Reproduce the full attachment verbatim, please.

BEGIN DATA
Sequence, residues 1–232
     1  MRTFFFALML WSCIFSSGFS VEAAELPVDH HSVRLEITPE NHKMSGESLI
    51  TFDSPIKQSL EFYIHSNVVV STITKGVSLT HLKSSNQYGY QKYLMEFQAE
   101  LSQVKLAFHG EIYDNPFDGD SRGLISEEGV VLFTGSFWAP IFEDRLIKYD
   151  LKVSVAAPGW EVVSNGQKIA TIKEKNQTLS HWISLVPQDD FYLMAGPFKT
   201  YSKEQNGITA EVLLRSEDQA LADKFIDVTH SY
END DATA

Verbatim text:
Sequence, residues 1–232
     1  MRTFFFALML WSCIFSSGFS VEAAELPVDH HSVRLEITPE NHKMSGESLI
    51  TFDSPIKQSL EFYIHSNVVV STITKGVSLT HLKSSNQYGY QKYLMEFQAE
   101  LSQVKLAFHG EIYDNPFDGD SRGLISEEGV VLFTGSFWAP IFEDRLIKYD
   151  LKVSVAAPGW EVVSNGQKIA TIKEKNQTLS HWISLVPQDD FYLMAGPFKT
   201  YSKEQNGITA EVLLRSEDQA LADKFIDVTH SY